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Assembling the Dancing Tree.

Assembling the Dancing Tree.

If we have spoken on the beach and I gave you a picture which brought you here (or even if we didn’t), consider making a donation.

Funds will be used to:
Keep working on developing an Arts in Education Program.
Publish 2 E-books on the art form and the journey.
Establish Site Specific installations around the Mid-Oregon Coast through the summer.
Thanks!

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I have been a beach/river rat since I can remember. Shiftwood Sculpture began as a fun thing to do when it was nice out. It was inspired by several rather disconnected events that occurred during a month long motorcycle trip I took in August 2012 around the borders of Washington State. I came away with the question: how could I use driftwood to tell stories in an abstract way?

My first big inspiration was when the Elwah Dam by Port Angeles, WA was removed and the Salmon came back to spawn a lot sooner than anyone had predicted. It was as if they could smell that the front door to their ancestral home was open after 100 years.

So I started making little driftwood fish and sticking them on any tall piece of driftwood I could find at Lincoln Park in honor of their return. Little did I realize that I was doing anything interesting to anyone but me. But people started stopping and taking pictures and telling me how much they liked it, especially the kids. And when the kids like something as potentially boring as sculpture, take notice.

The next turn came when I started to make the fish into wind vanes. They would bob and weave in an almost life-like fashion and then the idea hit: What if I could make them articulated and move like what they were evoking? That created a whole new set of building techniques to figure out. Along the way in that process the lines and shapes began to become more free form which pleasantly surprised me. This was not what I had set out to do, it was taking on a life of its own.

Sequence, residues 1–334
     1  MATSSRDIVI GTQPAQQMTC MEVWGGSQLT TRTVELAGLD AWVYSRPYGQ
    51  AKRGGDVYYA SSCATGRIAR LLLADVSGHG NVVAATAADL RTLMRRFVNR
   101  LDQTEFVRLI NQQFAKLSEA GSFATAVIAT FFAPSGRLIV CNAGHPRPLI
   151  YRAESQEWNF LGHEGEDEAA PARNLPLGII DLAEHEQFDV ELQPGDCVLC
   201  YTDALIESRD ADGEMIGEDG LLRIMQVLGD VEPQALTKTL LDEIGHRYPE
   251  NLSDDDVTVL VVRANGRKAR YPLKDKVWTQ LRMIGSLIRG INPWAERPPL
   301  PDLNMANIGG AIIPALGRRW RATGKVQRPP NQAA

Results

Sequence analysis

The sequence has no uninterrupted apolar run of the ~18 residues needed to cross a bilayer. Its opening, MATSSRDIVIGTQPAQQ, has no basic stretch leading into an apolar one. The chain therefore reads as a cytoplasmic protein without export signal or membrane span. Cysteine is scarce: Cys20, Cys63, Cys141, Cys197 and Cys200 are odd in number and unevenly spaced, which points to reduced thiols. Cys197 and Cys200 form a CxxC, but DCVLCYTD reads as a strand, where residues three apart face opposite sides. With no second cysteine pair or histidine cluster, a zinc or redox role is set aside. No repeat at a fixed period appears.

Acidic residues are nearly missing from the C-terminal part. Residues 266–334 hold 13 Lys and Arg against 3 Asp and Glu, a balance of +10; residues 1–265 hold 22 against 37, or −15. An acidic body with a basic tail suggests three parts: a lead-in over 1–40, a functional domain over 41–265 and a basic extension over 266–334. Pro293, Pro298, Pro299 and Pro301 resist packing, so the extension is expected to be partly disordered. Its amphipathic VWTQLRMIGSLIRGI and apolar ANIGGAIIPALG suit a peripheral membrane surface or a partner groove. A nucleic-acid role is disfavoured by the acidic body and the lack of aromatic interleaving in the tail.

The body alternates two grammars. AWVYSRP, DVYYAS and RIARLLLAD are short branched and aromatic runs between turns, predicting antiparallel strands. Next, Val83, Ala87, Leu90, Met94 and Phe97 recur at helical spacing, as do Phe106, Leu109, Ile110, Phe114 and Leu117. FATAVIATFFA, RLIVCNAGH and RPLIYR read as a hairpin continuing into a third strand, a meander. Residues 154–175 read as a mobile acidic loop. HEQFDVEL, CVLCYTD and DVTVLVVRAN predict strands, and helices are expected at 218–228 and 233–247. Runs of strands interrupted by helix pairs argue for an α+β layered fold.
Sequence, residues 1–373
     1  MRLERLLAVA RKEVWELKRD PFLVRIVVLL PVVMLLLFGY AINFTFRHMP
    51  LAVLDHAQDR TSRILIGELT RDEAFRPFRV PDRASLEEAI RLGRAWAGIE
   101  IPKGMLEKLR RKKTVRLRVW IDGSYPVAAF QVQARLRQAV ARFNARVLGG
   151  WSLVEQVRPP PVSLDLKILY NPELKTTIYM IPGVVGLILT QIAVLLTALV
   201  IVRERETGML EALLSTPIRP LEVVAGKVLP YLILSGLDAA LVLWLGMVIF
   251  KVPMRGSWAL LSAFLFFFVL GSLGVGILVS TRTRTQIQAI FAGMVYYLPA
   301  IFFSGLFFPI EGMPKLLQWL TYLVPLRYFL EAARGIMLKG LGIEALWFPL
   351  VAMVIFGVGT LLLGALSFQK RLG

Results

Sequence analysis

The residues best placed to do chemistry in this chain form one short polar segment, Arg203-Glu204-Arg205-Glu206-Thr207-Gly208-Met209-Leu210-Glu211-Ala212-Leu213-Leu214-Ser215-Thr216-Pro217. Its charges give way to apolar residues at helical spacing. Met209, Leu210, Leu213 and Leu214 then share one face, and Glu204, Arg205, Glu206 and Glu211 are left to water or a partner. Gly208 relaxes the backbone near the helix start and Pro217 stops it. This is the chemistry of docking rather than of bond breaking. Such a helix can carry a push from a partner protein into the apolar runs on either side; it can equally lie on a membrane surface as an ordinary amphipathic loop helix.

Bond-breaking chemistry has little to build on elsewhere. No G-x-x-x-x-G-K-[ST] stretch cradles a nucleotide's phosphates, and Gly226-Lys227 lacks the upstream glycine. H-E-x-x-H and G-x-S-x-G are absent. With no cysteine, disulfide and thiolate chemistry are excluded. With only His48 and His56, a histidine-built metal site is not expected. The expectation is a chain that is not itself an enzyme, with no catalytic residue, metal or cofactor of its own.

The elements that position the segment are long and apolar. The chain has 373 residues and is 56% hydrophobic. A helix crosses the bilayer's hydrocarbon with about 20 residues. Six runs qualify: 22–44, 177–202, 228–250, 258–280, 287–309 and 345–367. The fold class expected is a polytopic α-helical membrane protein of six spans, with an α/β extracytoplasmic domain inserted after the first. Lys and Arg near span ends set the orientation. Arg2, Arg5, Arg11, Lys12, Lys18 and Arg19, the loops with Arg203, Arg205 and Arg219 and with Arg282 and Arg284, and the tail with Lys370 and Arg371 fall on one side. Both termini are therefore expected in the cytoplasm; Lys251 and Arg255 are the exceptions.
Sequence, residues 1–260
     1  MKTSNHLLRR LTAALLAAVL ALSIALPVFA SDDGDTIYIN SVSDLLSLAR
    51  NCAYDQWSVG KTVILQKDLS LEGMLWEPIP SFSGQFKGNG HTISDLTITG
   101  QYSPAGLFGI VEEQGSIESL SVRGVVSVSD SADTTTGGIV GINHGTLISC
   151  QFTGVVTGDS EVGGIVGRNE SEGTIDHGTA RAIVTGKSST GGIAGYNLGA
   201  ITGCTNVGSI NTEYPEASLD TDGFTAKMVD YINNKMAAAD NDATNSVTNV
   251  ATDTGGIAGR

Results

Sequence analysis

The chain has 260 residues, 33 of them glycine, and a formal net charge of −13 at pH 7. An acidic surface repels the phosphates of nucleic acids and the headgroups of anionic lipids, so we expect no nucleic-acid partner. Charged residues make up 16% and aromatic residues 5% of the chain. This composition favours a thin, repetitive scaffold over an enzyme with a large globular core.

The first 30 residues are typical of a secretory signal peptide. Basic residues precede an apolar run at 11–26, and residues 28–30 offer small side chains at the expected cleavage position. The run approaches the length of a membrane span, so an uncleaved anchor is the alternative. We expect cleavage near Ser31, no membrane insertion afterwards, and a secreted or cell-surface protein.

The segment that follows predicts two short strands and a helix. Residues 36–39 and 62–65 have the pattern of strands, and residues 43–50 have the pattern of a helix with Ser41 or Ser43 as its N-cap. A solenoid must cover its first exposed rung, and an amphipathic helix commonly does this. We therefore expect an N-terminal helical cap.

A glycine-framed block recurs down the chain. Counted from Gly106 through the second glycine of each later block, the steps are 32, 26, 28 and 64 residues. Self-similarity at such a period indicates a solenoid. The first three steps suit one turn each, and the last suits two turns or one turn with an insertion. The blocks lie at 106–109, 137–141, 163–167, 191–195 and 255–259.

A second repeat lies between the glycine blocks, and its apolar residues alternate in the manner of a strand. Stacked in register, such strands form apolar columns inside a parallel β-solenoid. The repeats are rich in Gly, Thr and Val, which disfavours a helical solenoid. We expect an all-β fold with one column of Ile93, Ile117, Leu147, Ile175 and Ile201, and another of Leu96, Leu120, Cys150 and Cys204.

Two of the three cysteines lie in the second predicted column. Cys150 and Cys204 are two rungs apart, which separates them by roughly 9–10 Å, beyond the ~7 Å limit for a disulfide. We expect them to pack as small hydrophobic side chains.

In August, 2013, I took a two month tour up the Oregon and Washington Coast by car, bicycle, kayak, sailboat and foot. The purpose was to scout out new places to build. It was an amazing and also exhausting trip. However, new forms were created based on the experience. And after returning to Seattle, I took a break from the art for nearly a month to process what I had learned.

In December 2013, I went to San Diego, CA for 7 weeks and then to the Bay Area for a month to work on the art where it was warm.

I am now in Newport, OR and will be working on Site Specific installations through the summer.

See you on the road.

Sky Darwin

5 thoughts on “Home

  1. writeejit

    Like how you listened to, and trusted in, your creative instincts until it became clear what you should do. Great project! Thanks for sharing.

    Reply

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